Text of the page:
GSK Bribery Case Alerts Foreign Companies of Anti-Corruption Laws


The UK pharmaceutical giant GlaxoSmithKline (GSK) has been put on the stand, alleged for taking bribes, and other forms of misconduct, in the field of medical devices and pharmaceuticals. Senior executives are accused of both taking and offering bribes in order to promote sales and raise retail prices for its products.

Among many things, executives are being accused of receiving benefits through travel agencies such as the use of fake invoices and offering bribes to doctors and companies to sponsor events. The sum of bribes that are supposed to be offered and received has an estimated value of 3 billion RMB (US $488 million), making the case important both financially and politically. The allegations will be analyzed from two different angles, the PRC anti-unfair competition law and the PRC criminal law, both applicable to the ongoing case. The GSK President of Emerging Markets, Abbas Hussain, is alarmed over the accusations against the senior executives and states that the executives acted outside of GSK’s approved procedures. He has also apologized for the misconduct on behalf of GSK. [1]

Leaving China?                                               

As soon as the allegations toward GSK took off, sales decreased with almost 60 percent and the question of whether GSK will remain in China or not seems to be justifiable. Speculations have been many, all of which GSK President Sir Andrew Witty declines. “There is no question about our commitment to China,” he says, continuing with, “It is a critically important country of the future. We are absolutely committed to work with the authorities, get through the investigation, find out what’s happened, and take the actions necessary.” Analysts believe that GSK will stay in China regardless of the outcome of the ongoing case due to China’s huge investment possibilities and growth opportunities, and the fact that GSK already invested a lot in the country. The drug market in China is foreseen to be the second largest in the world by 2020, aiming at becoming the largest in the world in the near future, and GSK would not want to miss such an opportunity.[2]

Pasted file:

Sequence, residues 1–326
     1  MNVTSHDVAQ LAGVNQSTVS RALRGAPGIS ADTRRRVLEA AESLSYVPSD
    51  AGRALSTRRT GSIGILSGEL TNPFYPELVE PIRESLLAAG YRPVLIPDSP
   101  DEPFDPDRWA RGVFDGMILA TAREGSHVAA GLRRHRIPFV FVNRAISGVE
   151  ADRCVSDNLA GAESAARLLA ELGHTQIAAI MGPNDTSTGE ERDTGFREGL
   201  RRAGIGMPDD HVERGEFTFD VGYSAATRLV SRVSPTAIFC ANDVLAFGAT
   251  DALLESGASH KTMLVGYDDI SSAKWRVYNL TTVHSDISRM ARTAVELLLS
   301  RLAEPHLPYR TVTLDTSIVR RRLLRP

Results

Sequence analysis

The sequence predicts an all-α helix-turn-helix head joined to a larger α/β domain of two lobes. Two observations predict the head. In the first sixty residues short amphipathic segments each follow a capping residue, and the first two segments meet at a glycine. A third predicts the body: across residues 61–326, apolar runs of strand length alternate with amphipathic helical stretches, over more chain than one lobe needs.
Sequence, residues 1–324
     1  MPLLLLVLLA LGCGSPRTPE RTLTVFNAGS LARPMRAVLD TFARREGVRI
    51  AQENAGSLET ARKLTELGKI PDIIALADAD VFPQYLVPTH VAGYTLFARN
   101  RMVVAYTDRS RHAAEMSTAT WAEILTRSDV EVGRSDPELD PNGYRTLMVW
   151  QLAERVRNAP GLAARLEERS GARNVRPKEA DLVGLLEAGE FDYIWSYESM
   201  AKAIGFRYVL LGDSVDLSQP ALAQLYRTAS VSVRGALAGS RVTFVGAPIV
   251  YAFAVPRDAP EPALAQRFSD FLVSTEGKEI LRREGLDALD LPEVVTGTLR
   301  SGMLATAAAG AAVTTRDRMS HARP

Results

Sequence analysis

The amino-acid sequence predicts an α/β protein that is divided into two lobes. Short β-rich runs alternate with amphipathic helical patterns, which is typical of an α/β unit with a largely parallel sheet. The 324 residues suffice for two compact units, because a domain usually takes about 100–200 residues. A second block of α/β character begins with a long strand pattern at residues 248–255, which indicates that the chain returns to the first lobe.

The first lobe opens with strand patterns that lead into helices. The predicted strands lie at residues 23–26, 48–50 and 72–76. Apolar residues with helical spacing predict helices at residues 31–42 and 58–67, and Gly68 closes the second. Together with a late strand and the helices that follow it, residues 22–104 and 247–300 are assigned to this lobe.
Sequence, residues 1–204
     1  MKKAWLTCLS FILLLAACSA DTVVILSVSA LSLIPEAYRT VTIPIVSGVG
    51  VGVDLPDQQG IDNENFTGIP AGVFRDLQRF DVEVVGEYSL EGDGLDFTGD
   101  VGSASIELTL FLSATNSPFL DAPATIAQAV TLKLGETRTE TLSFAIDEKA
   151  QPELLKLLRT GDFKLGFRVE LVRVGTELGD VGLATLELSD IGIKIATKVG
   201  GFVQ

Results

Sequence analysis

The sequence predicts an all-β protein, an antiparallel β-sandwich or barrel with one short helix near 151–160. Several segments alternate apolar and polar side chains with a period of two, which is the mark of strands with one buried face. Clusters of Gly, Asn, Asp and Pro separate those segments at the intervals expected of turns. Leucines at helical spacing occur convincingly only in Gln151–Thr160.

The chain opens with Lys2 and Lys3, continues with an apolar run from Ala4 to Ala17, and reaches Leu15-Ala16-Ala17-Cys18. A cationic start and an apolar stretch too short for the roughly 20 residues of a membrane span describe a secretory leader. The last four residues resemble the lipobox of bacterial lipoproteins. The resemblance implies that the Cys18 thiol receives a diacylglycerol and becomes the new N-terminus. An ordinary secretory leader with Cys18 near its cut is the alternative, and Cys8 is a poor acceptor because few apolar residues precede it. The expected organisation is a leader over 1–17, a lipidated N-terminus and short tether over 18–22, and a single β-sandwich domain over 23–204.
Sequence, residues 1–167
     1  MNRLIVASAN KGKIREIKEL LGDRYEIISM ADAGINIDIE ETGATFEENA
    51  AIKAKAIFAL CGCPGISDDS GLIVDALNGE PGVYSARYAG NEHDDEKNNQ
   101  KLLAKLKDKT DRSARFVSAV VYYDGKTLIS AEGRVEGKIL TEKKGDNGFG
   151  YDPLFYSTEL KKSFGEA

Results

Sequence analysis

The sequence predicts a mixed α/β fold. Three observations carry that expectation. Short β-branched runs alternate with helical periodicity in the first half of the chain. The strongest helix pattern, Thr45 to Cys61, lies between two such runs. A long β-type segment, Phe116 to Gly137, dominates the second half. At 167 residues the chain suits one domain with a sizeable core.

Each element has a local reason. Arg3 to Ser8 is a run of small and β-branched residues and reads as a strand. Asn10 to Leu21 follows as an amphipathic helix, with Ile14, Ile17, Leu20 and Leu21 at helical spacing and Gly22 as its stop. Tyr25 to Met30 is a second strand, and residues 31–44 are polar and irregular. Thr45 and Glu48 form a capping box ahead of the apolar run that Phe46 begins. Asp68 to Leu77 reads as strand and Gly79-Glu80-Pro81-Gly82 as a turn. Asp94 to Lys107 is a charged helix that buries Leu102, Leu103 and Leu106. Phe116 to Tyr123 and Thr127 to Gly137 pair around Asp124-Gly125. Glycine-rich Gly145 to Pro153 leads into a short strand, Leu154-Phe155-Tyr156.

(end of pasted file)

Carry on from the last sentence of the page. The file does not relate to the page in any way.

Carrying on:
It is clear that China wants to make a stand against bribery and that the anti-bribery laws against foreign companies are getting stricter and more enforceable. The case of GSK has also been a good example for the Chinese government to show that the rising costs of pharmaceuticals and medical devices was due to criminal misconduct rather than ordinary market competition.  It is even said that China wants to state an example of a high-profile foreign owned company, whether or not the accusations are true.

The big challenge on the Chinese behalf will be one of rules of law and applicability. If China applies the laws and the legal procedures in a correct way, the impact may be big and the Chinese market might be seen as liable in terms of legality and enforceability of laws.[3] After the allegations against GSK, a series of accusations have met other foreign owned pharmaceutical companies such as Novartis, Sanofi and Eli Lilly. The allegations have been made whistlerblower-wise, China’s 21st Century Business Herald publishing the accusations and making them public. [4]

The case of GSK will according to experts serve as a wake-up call for other foreign enterprises that are engaged in similar unlawful activities that GSK is accused of.[5] Regardless of the outcome of the case, China has shown that it takes bribery seriously and is warning other foreign companies to follow the same path.

By Clara Eriksson

Clara Eriksson is a qualified lawyer in Sweden and is currently undertaking an internship at Da Cheng Law Offices, Shanghai Office. Clara can be reached at +86-021-3872-2492.

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